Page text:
Jesus considered it joy to face trials – not because he enjoyed the pain, but he knew the good that his trials would achieve. Jesus, like James, doesn’t just tell us to suffer, he leaves us an example to follow.
b) Generous heavenly Father (v5,17)
Some use trials to say, there’s no God – how can there be a god, if this is happening to me? But trying to push God out of the picture, doesn’t change your trials, they’ll still be there, and it doesn’t solve the intellectual issues, it opens up more difficulties, like: if there is no God, why is it that I think of things as good and evil anyway, why is that so universal in human beings? Trying to push God out of the picture takes away one of the greatest resources you can have for trials, a loving generous heavenly father:
v5 If any of you lacks wisdom, he should ask God, who gives generously to all without finding fault, and it will be given to him….v17 Every good and perfect gift is from above, coming down from the Father of the heavenly lights, who does not change like shifting shadows.
The prayer we most want to pray in trials is for God to bring them to an end, to get rid of whatever it is that’s causing the trouble. God may do that, yet God knows what’s best for us better than we do. He knows that often what’s best for us, is for that trial to not yet come to an end, as he has more for us to learn, such as the sufficiency of his grace in our weakness. One prayer God will always answer in trials, is for wisdom: wisdom so we can know how we can live for him through this trial, wisdom so we can see what lessons God wants us to learn, as we go through the trial. Wisdom so we can grow in maturity. James says: ask for wisdom and it will be given.
c) God’s powerful word of truth (v18)
v18 refers to God’s word as the word of truth. James reminds us how powerful this word is: it is through this word that Christians receive the new birth. In a world of deception, half-truth, spin and lies that can make our trials even more difficult, what we most need to hear is God’s powerful word of truth. A couple of weeks ago, when I was sitting with my child in hospital, I picked up my Bible to read my chapters for the day, and I remember reading a phrase from 2 Samuel 22, where David says: God rescued me, because he delighted in me. I started thinking about the assurance that David had, that God delighted in him, not because of anything David had done, but simply through God’s grace. If you had that assurance, it wouldn’t matter what trials came up against you, it wouldn’t matter what others thought about you or said about you, it wouldn’t matter what pain you went through, you’d know God was using it for you good. You would know God delighted in you. If you are a Christian, you can have that assurance – God does delight in you. God demonstrated his love for us in this, while we were sinners, Christ died for us. (Romans 5:8) What shall we say in response to this, if God is for us, who can be against us? He who did not spare his own Son, but gave him up for us all, how will he not also, along with him, graciously give us all things?(Romans 8:31-32). When you’re going through trials, what you most need to hear is God’s powerful word. Pick up your Bible and read it, even though you may not feel like it. Get a recording of the Bible, so you can listen to it. Memorize it as a way of helping you dwell on a few verses. Come to church, even though you may not feel like it, let God’s powerful word speak to you and transform you, and help you to grow through your trials.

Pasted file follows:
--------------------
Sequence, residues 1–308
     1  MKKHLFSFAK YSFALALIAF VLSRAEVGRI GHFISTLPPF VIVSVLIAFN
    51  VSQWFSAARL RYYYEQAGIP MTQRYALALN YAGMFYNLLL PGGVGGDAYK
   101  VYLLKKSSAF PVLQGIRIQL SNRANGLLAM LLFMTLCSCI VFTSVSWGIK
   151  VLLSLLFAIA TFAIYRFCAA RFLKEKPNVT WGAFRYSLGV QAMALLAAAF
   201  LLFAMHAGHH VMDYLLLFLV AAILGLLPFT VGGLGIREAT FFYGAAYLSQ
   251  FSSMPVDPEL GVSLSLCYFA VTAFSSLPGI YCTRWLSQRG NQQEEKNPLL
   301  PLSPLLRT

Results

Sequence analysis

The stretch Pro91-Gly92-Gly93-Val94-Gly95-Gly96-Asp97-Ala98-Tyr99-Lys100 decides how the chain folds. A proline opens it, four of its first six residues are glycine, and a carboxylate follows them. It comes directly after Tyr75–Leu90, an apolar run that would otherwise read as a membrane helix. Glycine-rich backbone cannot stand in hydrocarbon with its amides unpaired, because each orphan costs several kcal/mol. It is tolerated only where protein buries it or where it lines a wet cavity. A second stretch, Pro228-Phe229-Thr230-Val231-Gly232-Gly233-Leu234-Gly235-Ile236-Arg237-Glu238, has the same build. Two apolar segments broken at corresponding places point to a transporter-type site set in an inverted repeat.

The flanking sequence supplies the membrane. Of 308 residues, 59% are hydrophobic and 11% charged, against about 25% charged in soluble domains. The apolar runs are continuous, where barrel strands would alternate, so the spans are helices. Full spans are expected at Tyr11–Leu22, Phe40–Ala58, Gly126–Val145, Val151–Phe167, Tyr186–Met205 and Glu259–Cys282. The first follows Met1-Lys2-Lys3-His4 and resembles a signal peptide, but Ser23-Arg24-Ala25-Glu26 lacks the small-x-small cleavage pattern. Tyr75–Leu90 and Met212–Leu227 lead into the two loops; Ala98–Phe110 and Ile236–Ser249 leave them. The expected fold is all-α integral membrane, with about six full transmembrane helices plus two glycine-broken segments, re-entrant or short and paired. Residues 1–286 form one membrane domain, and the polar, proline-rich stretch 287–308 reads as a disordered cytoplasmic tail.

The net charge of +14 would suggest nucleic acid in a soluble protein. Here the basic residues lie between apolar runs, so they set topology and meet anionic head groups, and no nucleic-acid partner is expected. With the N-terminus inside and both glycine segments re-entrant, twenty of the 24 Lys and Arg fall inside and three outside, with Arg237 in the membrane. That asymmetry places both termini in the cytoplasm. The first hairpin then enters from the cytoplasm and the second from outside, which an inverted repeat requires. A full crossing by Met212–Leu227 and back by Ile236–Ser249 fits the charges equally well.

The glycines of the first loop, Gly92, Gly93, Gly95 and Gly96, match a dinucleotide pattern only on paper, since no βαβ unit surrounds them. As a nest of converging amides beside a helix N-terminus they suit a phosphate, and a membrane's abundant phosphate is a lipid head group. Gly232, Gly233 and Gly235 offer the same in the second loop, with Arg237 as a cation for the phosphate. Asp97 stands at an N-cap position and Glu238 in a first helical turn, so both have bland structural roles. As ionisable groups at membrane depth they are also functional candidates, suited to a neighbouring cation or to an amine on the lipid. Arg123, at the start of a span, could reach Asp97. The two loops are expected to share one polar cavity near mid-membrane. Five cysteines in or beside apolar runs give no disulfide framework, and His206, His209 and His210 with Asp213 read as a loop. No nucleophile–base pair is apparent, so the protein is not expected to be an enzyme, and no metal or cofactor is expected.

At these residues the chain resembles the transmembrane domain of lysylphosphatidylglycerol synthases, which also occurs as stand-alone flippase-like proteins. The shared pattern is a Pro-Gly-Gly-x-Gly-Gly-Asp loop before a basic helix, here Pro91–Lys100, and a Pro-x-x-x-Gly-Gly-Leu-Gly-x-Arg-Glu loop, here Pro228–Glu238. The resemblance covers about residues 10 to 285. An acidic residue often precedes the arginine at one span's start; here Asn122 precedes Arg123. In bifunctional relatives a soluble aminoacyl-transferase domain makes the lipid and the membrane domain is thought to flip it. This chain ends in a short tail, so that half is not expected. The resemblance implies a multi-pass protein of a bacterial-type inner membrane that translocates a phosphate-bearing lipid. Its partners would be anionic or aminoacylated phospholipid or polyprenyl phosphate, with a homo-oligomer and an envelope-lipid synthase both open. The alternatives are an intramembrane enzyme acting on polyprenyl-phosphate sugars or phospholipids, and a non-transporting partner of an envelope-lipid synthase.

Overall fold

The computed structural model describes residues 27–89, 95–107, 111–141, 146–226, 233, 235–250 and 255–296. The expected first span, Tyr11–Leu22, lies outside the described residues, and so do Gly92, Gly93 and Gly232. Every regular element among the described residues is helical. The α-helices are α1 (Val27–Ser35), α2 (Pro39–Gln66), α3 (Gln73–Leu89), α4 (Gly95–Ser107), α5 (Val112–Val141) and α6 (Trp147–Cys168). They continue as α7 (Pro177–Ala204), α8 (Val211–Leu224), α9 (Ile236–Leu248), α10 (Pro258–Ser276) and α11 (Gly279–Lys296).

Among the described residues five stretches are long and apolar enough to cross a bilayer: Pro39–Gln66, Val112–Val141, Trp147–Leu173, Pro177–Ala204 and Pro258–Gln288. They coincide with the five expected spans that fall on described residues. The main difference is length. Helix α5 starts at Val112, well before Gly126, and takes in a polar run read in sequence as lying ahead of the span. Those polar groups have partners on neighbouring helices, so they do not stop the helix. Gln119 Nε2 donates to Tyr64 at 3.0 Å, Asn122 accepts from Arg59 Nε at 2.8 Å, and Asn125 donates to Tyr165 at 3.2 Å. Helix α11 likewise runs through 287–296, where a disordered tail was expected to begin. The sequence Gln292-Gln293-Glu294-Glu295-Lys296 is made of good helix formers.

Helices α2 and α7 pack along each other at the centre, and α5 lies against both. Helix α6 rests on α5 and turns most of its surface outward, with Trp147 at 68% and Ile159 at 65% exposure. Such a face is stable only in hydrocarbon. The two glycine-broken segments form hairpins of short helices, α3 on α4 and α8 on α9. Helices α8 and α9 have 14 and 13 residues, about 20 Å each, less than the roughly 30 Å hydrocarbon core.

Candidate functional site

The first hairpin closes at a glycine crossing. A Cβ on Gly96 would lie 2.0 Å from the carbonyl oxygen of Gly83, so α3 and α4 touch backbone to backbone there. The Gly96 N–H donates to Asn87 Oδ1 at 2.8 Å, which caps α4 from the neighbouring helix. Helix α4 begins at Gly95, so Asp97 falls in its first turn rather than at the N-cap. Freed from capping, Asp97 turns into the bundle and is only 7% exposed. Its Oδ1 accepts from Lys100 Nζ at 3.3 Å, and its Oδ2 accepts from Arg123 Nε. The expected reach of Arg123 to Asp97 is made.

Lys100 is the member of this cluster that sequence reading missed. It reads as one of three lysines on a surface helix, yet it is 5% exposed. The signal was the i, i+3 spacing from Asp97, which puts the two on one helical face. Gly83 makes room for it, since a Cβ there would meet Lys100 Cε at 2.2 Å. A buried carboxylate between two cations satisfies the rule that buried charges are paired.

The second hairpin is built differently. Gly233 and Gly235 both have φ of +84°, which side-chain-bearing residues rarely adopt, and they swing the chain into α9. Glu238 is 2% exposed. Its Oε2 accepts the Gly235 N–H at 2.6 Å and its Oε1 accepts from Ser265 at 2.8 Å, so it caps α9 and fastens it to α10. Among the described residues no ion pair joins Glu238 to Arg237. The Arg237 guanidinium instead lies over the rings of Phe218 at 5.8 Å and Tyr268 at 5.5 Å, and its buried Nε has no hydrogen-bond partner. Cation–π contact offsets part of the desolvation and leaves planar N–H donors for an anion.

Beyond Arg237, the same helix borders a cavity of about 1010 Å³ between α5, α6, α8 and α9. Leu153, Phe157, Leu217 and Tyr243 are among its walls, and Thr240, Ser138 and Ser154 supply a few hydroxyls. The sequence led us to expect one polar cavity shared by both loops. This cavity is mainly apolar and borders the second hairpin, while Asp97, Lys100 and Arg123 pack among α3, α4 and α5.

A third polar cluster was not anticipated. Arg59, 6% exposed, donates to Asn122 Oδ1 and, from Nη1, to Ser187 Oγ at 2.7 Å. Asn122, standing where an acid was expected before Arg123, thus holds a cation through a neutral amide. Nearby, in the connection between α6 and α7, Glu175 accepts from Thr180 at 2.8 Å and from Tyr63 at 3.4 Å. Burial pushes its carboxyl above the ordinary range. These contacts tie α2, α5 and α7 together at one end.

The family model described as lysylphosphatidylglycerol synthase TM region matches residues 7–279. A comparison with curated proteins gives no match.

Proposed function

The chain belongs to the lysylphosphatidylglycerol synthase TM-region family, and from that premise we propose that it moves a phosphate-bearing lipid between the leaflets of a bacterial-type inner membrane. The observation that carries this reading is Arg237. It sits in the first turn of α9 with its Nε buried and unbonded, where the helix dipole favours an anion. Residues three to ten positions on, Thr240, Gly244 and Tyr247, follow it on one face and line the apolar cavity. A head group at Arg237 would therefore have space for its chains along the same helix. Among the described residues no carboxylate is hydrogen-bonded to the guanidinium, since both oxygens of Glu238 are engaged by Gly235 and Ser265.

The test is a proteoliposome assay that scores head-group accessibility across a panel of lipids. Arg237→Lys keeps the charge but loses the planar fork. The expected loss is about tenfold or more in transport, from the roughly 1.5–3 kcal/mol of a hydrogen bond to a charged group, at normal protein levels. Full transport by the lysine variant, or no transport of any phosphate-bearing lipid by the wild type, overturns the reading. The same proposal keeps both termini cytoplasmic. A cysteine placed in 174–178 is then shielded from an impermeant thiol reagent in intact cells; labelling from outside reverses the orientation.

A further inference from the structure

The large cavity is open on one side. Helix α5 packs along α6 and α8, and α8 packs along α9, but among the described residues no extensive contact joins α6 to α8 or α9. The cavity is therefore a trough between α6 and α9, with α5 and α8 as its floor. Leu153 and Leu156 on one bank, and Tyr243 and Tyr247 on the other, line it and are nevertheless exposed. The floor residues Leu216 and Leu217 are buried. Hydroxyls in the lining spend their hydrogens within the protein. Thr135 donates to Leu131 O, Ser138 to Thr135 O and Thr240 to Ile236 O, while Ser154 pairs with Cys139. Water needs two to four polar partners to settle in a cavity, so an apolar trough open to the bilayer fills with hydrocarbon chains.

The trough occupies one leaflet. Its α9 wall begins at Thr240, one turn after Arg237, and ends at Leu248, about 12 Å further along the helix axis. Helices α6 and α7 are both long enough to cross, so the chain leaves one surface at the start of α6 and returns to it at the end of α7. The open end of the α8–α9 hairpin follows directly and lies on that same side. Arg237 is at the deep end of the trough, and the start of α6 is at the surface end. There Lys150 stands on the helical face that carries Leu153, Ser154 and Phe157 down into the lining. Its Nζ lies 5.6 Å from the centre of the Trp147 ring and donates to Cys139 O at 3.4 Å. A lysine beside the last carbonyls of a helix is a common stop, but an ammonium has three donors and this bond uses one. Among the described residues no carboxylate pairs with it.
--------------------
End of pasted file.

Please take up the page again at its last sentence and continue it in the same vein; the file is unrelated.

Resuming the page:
Related posts: Trusting God through hardship
 David Powlison, The Journal of Biblical Counseling, Winter 2005